Diet and Culture

A discussion of diet culture, its origins, ideals and their meanings.

This paper discusses the diet culture, first outlining the origins of contemporary diet culture. It then reviews the feminist critique of this culture, as a political agenda reflecting on women?s place in society. . The goal of this paper is to answer the questions: What is “diet culture”? What are its origins? What impact does it have on the everyday lives of young women? How do feminist writers relate to the prevailing diet culture?

The Origins of the Diet Culture
Feminist Critique of the Diet Culture
Diet Culture in Israel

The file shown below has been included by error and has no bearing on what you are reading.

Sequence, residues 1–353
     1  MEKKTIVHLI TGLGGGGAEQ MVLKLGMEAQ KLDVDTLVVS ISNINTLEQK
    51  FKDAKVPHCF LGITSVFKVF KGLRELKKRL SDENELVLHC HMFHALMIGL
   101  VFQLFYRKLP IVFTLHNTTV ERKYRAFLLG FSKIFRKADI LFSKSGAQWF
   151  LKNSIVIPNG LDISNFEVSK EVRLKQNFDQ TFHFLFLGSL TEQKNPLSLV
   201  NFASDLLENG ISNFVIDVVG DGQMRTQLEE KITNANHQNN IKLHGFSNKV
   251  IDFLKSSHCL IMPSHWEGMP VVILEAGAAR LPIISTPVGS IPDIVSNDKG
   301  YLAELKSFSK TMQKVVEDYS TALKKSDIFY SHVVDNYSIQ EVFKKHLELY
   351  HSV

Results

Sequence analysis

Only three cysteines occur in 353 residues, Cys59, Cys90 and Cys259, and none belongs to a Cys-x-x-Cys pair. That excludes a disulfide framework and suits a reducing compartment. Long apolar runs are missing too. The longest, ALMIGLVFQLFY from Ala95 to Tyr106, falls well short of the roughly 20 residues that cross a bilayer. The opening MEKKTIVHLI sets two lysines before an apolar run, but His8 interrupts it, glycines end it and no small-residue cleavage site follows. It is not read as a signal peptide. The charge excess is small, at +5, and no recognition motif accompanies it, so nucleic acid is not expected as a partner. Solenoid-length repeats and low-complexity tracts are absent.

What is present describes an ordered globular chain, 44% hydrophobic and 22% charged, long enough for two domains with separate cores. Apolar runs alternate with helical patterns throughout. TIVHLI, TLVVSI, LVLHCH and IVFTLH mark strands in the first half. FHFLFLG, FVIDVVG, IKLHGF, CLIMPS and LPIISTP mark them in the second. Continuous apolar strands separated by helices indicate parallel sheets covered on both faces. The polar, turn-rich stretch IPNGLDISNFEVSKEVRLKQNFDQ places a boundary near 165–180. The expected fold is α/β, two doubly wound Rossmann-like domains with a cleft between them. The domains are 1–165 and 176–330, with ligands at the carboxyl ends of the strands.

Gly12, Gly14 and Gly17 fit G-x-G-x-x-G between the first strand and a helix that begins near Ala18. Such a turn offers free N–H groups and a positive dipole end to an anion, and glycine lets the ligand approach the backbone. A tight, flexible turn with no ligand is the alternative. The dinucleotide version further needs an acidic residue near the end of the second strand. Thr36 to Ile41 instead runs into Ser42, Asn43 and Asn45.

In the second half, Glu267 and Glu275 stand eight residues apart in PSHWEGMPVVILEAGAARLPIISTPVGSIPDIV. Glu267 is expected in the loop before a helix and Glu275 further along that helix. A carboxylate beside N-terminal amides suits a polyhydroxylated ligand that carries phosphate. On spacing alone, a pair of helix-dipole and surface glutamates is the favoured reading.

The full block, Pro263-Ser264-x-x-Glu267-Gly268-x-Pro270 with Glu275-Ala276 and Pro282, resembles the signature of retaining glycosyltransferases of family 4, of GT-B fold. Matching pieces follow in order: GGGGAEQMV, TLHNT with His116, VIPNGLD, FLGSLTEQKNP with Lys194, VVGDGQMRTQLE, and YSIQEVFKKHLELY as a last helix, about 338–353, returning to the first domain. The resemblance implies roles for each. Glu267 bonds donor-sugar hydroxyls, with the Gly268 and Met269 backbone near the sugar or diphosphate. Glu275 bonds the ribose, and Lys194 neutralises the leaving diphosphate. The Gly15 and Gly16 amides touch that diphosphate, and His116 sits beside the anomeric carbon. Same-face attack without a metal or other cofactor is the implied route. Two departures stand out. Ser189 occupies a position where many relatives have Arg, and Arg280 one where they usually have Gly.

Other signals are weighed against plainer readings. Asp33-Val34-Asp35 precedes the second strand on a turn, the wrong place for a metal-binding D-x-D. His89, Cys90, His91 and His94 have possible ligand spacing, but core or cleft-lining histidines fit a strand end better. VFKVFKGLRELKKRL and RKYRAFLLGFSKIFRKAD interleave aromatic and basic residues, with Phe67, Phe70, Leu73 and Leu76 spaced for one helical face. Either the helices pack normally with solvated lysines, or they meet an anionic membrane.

“Diet culture is the cultural force disciplining the female form and regulating its size, contour and texture. Though diet culture pertains to both sexes, its influence is far more significant for women than for men (Chernin, 1981, Goodman, 1995, Wolf, 1990). Diet culture encompasses the range of practices, beliefs and images that work together to direct women towards the disciplinary goal of body regulation. Under the current “tyranny of slenderness” (Chernin, 1981) women are forbidden to become large or massive. The current body of fashion is taut, small-breasted, narrow hipped and of a slimness bordering on emaciation. It is a silhouette that seems more appropriate to an adolescent than to an adult woman (Bartky, 1998). In order to possess bodies of the desirable size, women must maintain strict control of their food intake and expenditure of energy. Dieting is used to control the calories entering the body; exercise is used to increase caloric expenditure and shape the body’s flesh to the desired contour.”